Genetic and Environmental Influences on Serum Lipid Levels in Twins

Debra A. Heller, Ulf de Faire, Nancy L. Pedersen, Gosta Dahlen, Gerald E. McClearn

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Background: The extent to which serum lipid levels are affected by genetic and environmental factors remains a point of controversy. We examined both genetic and environmental influences on serum lipid levels in twins reared either together or apart who participated in the Swedish Adoption/Twin Study of Aging. Methods: We studied 302 pairs of twins (mean age, 65.6 years; range, 52 to 86); 146 pairs had been reared apart. We simultaneously compared the twins on the basis of both zygosity and rearing status, which allowed joint estimation of genetic and environmental influences on serum lipid levels. Genetic influence was expressed in terms of heritability, the proportion of the population variation attributable to genetic variation (a value of 1.0 indicates that all of the population variation is attributable to genetic variation). The serum lipids and apolipoproteins measured included total cholesterol, high-density lipoprotein cholesterol, apolipoproteins A-I and B, and triglycerides. Results: Structural-equation analyses revealed substantial heritability for the serum levels of each lipid measured, ranging from 0.28 to 0.78. Comparisons of the twins reared together with those reared apart suggested that the environment of rearing had a substantial impact on the level of total cholesterol (accounting for 0.15 to 0.36 of the total variance). Sharing the same environment appeared to affect the other lipid measures much less, however, than did genetic factors and unique environmental factors not shared by twins. Comparisons of younger with older twins suggested that heritability for apolipoprotein B and triglyceride levels decreased with age. Conclusions: The effect of genetic factors on the serum levels of some but not all lipids appears to decrease with age. Early rearing environment appears to remain an important factor in relation to levels of total cholesterol later in life, but it has less effect on other serum lipids and apolipoproteins in the elderly., Many studies have established beyond reasonable doubt that serum lipid levels influence the risk of coronary heart disease1. Although efforts at prevention have focused on the modifiability of lipid levels by factors such as diet,2 genetic factors also influence lipid and apolipoprotein levels35. The genetic factors described to date have been mainly those involved in familial syndromes of lipid disorders, many of which are determined by single genes. Recent advances in molecular biology, for example, have identified specific defects in the receptor for low-density lipoprotein that are responsible for the most common forms of familial hypercholesteremia6,…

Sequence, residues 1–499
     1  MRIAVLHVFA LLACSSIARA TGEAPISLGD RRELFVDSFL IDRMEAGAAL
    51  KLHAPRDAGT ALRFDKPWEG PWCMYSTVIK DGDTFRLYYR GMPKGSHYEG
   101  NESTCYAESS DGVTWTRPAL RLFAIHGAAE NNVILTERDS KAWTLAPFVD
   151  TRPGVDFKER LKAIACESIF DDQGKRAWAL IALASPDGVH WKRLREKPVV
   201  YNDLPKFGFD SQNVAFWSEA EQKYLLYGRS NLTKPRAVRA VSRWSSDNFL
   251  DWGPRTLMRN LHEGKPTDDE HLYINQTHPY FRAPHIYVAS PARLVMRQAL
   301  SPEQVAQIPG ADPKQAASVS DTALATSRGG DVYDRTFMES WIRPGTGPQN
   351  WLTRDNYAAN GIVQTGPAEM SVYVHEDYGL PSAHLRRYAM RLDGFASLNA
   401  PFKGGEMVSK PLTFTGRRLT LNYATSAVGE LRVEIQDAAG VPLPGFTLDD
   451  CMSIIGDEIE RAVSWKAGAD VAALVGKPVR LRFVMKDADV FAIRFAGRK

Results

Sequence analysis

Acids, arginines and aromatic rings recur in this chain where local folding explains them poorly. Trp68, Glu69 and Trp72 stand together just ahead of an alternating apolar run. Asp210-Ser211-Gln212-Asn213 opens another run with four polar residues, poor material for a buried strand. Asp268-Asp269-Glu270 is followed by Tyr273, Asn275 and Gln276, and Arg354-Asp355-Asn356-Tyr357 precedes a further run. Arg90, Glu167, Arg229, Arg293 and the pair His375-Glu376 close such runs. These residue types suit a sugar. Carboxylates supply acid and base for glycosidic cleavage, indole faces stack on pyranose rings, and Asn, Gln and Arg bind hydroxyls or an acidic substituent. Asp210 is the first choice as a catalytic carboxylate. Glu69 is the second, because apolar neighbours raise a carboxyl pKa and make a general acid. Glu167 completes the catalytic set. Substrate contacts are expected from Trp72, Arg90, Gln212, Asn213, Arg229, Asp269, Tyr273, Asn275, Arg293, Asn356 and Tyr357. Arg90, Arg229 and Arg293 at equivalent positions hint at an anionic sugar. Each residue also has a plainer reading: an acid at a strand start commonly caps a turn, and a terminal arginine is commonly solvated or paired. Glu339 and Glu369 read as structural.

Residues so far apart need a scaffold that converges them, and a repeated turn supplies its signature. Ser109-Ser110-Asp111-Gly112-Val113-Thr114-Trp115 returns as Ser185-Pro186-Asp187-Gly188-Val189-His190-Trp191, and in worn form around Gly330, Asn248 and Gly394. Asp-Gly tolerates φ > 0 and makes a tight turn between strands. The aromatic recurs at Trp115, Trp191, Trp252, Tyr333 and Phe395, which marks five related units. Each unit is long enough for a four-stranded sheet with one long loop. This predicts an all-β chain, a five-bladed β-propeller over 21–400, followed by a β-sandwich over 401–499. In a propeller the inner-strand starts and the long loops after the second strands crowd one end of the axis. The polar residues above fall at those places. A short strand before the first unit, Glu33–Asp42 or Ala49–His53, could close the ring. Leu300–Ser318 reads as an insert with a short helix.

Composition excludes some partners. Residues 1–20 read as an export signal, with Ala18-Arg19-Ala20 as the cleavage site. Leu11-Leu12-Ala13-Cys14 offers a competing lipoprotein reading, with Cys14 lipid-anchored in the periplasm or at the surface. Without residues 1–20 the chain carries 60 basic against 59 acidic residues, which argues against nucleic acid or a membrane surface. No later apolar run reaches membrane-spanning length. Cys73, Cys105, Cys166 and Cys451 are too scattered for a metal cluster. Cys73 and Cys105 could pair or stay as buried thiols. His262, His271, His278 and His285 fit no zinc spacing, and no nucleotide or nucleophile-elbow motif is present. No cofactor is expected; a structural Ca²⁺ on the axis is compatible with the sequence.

Original languageEnglish (US)
Pages (from-to)1150-1156
Number of pages7
JournalNew England Journal of Medicine
Issue number16
StatePublished - Apr 22 1993

All Science Journal Classification (ASJC) codes

  • Medicine(all)


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